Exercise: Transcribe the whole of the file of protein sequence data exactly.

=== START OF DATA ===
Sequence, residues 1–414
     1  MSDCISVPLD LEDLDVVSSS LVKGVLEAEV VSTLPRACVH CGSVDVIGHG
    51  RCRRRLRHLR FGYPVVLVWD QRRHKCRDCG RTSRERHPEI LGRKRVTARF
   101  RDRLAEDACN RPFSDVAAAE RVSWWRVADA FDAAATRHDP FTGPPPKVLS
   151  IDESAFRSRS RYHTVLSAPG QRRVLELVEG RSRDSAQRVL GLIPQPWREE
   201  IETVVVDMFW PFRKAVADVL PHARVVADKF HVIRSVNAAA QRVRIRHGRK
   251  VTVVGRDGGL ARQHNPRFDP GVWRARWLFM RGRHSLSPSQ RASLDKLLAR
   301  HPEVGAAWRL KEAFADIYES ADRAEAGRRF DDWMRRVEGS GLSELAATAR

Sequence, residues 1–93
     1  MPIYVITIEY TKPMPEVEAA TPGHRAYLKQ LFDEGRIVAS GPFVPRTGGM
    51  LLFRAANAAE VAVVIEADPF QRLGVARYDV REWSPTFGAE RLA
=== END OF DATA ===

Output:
Sequence, residues 1–414
     1  MSDCISVPLD LEDLDVVSSS LVKGVLEAEV VSTLPRACVH CGSVDVIGHG
    51  RCRRRLRHLR FGYPVVLVWD QRRHKCRDCG RTSRERHPEI LGRKRVTARF
   101  RDRLAEDACN RPFSDVAAAE RVSWWRVADA FDAAATRHDP FTGPPPKVLS
   151  IDESAFRSRS RYHTVLSAPG QRRVLELVEG RSRDSAQRVL GLIPQPWREE
   201  IETVVVDMFW PFRKAVADVL PHARVVADKF HVIRSVNAAA QRVRIRHGRK
   251  VTVVGRDGGL ARQHNPRFDP GVWRARWLFM RGRHSLSPSQ RASLDKLLAR
   301  HPEVGAAWRL KEAFADIYES ADRAEAGRRF DDWMRRVEGS GLSELAATAR

Sequence, residues 1–93
     1  MPIYVITIEY TKPMPEVEAA TPGHRAYLKQ LFDEGRIVAS GPFVPRTGGM
    51  LLFRAANAAE VAVVIEADPF QRLGVARYDV REWSPTFGAE RLA